“Texas Land Grants, 1750-1900: A Documentary History.” John Martin Davis, Jr. McFarland. Despite the cover art, this is a serious book about serious history. What could be more important to a country than the claim to the land and its resources? Especially in Texas, where, until the modern era, much of what happened here happened because of land grants. Davis, a retired tax attorney who lives in Fort Davis, is an authority on maps. He patiently takes the reader through the history of Spanish and Mexican grants, military and emigrant headrights, Republic of Texas practices, grants among disputed territories in the Trans-Nueces and Trans-Pecos regions, as well as homestead, education and internal improvement grants. He also provides lots of images of sample grants.

UPDATES: References to Lauro Cavazos, Kenneth Hafertepe and Sarah Byrn Rickman have been corrected.



Best Texas rivers: Red River, Part 2

This report on the Lower Red River — we should probably call it the “Middle” — was originally posted on May 25, 2012. It is the last of the rescued Texas River Tracing posts.

(For a more complete account of “Texas River Tracing: 50 Trips by Car and on Foot,” go to


Of Texas’ big streams, I probably knew the Red River the least. I crossed it a lot. And I even lived not far from it in Shreveport, La. as a child. Until recently, however, I’d spent no more than a few seconds in its immediate vicinity.


That changed this week when Joe Starr and I traced it from Amarillo to Texarkana. (See previous entries about the North and Prairie Dog Town forks of the Red.) We began our serious look at the Red proper near Vernon, where it already carves out a wide, soft, sandy floodplain.


That would not change much during the journey from Wichita Falls to Texarkana, using US 82 as our base line. We’d jump up to the river on the Oklahoma border, nose around, then head back into a series of micropolises and metropolises, all along an unexpectedly gorgeous post oak belt. The only time the beauty abated was on the ragged edges of populated areas, where insidious freeway culture — ugly old and new junk — ruled.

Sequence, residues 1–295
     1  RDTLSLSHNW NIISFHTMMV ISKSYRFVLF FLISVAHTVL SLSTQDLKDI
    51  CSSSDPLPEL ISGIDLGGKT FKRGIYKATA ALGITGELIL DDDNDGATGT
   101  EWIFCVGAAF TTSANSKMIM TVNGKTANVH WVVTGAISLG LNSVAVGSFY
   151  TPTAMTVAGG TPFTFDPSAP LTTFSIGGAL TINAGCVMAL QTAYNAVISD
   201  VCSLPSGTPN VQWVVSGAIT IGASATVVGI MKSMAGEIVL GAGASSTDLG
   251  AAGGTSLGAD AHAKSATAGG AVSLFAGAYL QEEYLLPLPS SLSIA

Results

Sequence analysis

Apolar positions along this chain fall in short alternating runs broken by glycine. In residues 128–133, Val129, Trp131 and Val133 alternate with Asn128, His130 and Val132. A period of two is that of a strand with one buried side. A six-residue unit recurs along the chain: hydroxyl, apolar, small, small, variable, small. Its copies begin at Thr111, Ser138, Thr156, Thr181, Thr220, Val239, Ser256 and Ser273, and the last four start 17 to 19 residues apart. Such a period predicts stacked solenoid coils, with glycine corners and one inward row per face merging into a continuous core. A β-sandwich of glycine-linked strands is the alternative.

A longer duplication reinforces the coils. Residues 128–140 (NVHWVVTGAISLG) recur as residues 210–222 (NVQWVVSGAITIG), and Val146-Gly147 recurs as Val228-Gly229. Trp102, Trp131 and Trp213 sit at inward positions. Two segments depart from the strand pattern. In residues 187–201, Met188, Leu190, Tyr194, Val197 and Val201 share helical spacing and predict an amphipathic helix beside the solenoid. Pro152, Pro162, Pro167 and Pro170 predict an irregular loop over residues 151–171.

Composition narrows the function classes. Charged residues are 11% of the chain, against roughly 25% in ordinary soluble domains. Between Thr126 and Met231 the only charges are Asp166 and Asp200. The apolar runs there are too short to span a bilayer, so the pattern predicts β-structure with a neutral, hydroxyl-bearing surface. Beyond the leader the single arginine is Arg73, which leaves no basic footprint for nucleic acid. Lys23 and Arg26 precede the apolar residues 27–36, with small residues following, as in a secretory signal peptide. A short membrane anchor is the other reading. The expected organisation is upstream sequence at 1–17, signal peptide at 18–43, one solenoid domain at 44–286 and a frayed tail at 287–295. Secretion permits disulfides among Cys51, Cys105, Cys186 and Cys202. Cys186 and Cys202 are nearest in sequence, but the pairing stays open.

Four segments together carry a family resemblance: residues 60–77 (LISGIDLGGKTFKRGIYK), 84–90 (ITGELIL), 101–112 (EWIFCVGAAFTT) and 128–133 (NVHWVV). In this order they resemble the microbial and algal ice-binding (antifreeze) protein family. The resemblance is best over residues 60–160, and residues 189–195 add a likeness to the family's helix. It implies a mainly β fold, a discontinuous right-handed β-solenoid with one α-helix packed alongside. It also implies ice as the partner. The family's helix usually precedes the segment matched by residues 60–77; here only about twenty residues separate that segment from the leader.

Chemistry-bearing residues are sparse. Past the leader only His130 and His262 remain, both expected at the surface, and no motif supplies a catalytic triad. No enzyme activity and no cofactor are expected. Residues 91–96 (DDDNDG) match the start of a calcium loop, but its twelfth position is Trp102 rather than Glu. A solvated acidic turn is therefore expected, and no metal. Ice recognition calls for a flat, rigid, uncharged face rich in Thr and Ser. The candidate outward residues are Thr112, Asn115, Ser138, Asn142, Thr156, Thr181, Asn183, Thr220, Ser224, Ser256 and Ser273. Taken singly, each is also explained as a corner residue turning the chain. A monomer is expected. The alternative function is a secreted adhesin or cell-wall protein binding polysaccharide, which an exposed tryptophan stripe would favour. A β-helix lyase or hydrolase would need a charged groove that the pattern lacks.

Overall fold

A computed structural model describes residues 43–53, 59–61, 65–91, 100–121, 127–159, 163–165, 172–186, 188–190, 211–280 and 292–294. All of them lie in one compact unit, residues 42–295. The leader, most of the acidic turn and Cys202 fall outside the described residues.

DSCF1240Tuesday was filled with surprises, however. It began with a German Catholic church in Lindsay, Texas, which poked its tower over the horizon as if a reminder of European landscapes. We discovered it occupied an elaborate and well-tended enclave that included two shrines, a rectory and a school. Inside, the plain brick church burst with visual activity. The colors were rococo, but the lines and forms were heavier. Every mural, stained glass and gilded surface glowed in prisitine condition.


Another jolt came in Gainesville, a largish micropolis on the border. Located directly on Interstate 35, it and its Oklahoma sibling compete to attract tourists. We noticed a large, colorful and brightly signed outlet mall on the Texas side and decided to pick up a few things. Seeing only a few cars in the lot, we chalked up the emptiness to the early time of day.


Oh my no. Row after row of shops were completely empty. In a back corner we found a Van Huesen outlet where men’s clothing was discounted 60, 70, 80, 90 percent. I purchased a V-neck sweater that would go for $90 retail for $4.99. We went a little crazy there and at the Reebok store, among the few others open in this mall that is either dying or awaiting a comeback.


Meanwhile, along the river, the Red grew wider and stronger. Cliff swallows were our constant companions. Joe witnessed a crow chasing down a young swallow and scooping it up in its fearsome beak. Below the dam at Lake Texoma, we encountered all sorts of wildlife. In the shallows lingered huge catfish and carp. Joe counted 9 great blue herons, along with other wading birds.


In a hackberry tree nearby, I spent some time trying to identify a very small, slender bird two shades of olive gray. After listening to recorded songs and looking at photos on, I’m almost certain it was an Eastern Wood-Peewee. Not at all rare, but just rarely seen by me. (I am not a birder, but rather a bird lover.)


We didn’t swim in Lake Texoma. We had heard reports of flesh-eating bacteria there. We didn’t need a fresh warning and noticed almost no boats on this sizable lake. I was more tempted to dip into a little, clear lake we discovered in the Caddo National Grasslands, which we had all to ourselves.